Smoking is one of the most critical health topics a teen can tackle. In fact, 68 percent of adults who smoke began smoking regularly at age 18, and every day almost 3,900 adolescents under 18 try their first cigarette, according to the Centers for Disease Control and Prevention. Talk to your kids about smoking. Don’t underestimate your influence — if you smoke your child is more likely to smoke too. Learn more about quitting yourself.

Physical Activity 
Another key factor is physical activity. Studies have shown that a child’s physical activity level can decrease during adolescence. This may be an even bigger concern for teen girls than boys, according to Dr. Daniels.
“This is a time when some girls begin to decrease their physical activity,” Dr. Daniels said. “Unfortunately, not only may this affect weight and health but we know that once it’s decreased it may never get back to the pre-teen level.” 
Be sure and encourage physically activities at home, at school and with your child’s friends. Learn how to find time get the whole family heart healthy.

As teens spend more time outside the home, peers often have a bigger influence on what they eat. About one in three kids in the United States is overweight or obese. Eating out, larger portion sizes and lack of activity are major culprits. An overweight child has a 70 to 80 percent chance of staying overweight as an adult. It’s important toestablish good habits at home now.

What can you do?
Don’t underestimate your influence as a parent, even when your kids act like it doesn’t count. Talk to your teen about the importance of diet, physical activity and not smoking. And help foster a healthy environment. If you smoke, quit, eat healthy meals together and get moving as a family so your teen will have healthy habits to carry forward.

Make sure your child visits the doctor regularly. Dr. Daniels recommends kids get their cholesterol tested before puberty. Blood pressure should be checked regularly and height and weight measured to calculate BMI, which gives your doctor important information about your child’s health. Your doctor will also watch for Type 2 diabetes, which usually doesn’t occur in childhood but can begin in adolescence.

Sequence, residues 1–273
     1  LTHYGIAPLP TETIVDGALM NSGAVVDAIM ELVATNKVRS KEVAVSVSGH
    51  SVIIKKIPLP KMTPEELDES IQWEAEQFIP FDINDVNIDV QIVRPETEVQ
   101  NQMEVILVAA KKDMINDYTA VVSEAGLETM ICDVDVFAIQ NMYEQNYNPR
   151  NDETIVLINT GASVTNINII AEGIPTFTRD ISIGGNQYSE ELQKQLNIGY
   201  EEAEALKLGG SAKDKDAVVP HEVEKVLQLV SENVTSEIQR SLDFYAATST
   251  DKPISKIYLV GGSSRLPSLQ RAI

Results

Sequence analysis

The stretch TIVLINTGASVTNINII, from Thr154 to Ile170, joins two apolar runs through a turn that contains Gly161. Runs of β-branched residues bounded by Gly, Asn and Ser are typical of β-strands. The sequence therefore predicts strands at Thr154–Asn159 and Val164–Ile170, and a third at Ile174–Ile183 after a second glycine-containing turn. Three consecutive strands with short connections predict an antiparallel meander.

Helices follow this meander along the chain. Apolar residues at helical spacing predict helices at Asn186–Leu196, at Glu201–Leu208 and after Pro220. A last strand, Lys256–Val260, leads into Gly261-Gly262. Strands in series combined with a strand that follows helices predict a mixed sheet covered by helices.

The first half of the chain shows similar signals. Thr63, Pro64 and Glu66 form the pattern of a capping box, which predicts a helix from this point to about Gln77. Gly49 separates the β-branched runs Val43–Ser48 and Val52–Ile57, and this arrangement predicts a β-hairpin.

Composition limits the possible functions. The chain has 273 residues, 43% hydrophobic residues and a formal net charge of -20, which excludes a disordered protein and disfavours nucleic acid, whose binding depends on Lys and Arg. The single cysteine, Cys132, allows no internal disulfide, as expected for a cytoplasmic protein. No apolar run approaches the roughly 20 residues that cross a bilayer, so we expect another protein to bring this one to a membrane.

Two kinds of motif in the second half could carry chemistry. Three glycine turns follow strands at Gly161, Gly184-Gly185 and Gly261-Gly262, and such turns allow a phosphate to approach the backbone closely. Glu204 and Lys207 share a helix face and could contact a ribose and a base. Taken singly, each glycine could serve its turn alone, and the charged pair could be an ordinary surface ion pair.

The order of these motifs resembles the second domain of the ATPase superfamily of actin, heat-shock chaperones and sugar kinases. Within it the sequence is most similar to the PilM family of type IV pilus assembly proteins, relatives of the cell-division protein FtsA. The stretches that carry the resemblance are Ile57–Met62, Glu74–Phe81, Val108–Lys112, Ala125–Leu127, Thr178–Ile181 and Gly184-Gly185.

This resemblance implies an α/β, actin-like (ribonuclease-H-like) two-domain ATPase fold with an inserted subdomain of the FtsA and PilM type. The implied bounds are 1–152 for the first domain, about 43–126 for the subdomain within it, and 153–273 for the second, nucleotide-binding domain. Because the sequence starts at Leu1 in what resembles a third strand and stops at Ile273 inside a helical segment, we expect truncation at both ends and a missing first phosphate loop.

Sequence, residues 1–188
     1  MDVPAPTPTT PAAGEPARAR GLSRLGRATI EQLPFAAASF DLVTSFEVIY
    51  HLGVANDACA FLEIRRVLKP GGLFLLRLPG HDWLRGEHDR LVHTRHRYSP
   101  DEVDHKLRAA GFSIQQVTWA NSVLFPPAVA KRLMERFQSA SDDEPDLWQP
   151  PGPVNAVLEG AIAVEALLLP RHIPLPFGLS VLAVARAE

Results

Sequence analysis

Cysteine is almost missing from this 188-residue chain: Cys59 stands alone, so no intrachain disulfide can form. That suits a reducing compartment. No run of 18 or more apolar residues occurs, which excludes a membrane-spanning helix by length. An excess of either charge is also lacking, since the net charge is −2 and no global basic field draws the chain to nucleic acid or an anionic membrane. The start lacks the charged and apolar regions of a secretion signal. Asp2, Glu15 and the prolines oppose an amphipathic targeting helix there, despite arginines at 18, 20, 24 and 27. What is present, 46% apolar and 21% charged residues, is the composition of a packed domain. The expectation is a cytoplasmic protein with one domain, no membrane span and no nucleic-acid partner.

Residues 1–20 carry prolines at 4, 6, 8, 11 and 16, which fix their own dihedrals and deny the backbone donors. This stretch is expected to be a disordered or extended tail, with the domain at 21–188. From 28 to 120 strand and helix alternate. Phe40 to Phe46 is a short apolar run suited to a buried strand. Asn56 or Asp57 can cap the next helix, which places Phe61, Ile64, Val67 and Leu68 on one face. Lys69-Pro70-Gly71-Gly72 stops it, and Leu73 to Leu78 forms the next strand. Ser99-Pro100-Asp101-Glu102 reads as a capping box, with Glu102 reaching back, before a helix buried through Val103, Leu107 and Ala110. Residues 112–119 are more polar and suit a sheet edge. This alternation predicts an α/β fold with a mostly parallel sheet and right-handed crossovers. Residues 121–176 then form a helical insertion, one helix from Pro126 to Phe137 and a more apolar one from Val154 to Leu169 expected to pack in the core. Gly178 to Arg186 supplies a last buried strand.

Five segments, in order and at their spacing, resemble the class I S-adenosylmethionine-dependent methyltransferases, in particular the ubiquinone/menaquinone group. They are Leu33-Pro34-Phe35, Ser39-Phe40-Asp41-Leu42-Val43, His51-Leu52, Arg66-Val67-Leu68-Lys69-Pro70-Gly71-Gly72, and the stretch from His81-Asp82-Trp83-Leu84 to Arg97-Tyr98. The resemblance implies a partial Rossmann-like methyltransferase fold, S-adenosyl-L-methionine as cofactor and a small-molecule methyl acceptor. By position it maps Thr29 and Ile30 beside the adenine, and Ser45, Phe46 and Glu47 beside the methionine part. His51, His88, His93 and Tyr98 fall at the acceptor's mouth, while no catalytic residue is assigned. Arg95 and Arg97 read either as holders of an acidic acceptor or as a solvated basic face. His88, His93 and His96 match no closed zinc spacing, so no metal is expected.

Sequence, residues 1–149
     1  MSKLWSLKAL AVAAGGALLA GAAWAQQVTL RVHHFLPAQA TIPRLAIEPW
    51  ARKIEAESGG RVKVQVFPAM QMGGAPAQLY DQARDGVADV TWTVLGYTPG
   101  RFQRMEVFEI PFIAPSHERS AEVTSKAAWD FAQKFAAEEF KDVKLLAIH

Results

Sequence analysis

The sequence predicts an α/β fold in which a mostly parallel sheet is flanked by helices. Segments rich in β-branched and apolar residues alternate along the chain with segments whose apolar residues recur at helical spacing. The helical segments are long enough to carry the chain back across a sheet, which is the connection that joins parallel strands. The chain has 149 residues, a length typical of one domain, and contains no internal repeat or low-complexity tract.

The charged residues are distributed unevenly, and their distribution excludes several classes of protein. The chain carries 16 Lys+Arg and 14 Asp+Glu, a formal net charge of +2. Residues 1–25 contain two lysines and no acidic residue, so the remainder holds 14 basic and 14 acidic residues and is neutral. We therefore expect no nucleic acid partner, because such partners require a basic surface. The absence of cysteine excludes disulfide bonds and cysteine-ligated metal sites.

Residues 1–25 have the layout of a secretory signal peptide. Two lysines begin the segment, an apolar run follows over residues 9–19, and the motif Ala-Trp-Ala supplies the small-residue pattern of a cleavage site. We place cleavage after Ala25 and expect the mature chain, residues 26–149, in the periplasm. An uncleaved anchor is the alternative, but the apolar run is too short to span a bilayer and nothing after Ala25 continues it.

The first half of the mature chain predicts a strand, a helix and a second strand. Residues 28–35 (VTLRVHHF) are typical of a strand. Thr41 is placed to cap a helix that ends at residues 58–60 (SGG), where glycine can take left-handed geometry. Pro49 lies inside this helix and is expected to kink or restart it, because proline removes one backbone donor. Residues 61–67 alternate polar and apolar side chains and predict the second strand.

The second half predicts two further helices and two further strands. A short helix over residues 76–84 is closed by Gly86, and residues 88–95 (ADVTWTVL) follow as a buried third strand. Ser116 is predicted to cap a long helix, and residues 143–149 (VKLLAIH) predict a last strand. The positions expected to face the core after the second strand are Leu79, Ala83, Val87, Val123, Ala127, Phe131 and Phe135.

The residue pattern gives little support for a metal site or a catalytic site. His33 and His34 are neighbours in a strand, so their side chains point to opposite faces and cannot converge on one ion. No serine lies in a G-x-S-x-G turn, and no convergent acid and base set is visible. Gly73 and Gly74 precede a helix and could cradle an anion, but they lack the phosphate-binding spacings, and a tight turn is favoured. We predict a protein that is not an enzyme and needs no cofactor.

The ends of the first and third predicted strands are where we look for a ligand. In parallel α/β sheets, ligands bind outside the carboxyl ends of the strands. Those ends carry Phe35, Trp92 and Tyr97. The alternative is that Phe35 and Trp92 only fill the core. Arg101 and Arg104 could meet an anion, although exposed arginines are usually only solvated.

Part of puberty is becoming more resistant to insulin (the body isn’t as sensitive to it), which can cause the body to produce more than needed, especially if your child is overweight. And if your teen has a cardiovascular conditionor heart defect, it’s even more important to visit your doctor.

(Source: American Heart Association) 


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Document Your Family’s Health History

Family health history can help your child’s doctor make a diagnosis if your child shows signs of a disorder. It can reveal whether your child has an increased risk for a disease; if so, the doctor might suggest screening tests. Many genetic disorders first become obvious in childhood, and knowing about a family health history of a genetic condition can help find and treat the condition early.

Most people do not think that chronic diseases such as heart disease and type 2 diabetes affect children, but children with a strong family health history of these diseases can show signs in childhood. However, having a family health history of a disease does not mean that your child will get that disease. Children with a family health history of chronic diseases can benefit from developing good lifestyle habits, such as exercising and eating healthy, right away. These habits can benefit the entire family and might help prevent or delay these conditions.

Ways to Collect Your Child’s Family Health History

  • Record the names of your child’s close relatives from both sides of the family: parents, siblings, grandparents, aunts, uncles, nieces, and nephews. Include conditions each relative has or had and at what age the conditions were first diagnosed. For relatives who are deceased, include the cause of death and the age at death.
  • Use the US Surgeon General’s online tool for collecting family health histories, called “My Family Health Portrait.”
  • Discuss family health history concerns with your child’s doctor. Gather the information before seeing the doctor, using “My Family Health Portrait.” Fill out family health history forms carefully. Families considering having another child should share family health history information with the mother’s doctor.
  • Update your child’s family health history information regularly and share new information with your child’s doctor. Remember that relatives can be newly diagnosed with conditions between doctor’s visits.
  • The best way to learn about your family health history is to ask questions. Talk at family gatherings and record your family’s health information—it could make a difference in your child’s life.

Get involved!

Send a personalized e-card to family and friends encouraging them to collect their family health history.

Family health history isn’t just important for your child’s health—it’s important for your health, too! Learn more.

(Source: CDC)

Hike, Bike and Tee Up At Georgia State Parks This Fall


Red Top Mountain

There are more than just fall festivals and hayrides available this year at Georgia State Parks. What better way to enjoy the arrival of autumn than spending time outdoors? From golf course packages and hiking, to spending time with family at a fall celebration or two, Georgia State Parks are the best place to be while saying farewell to summer.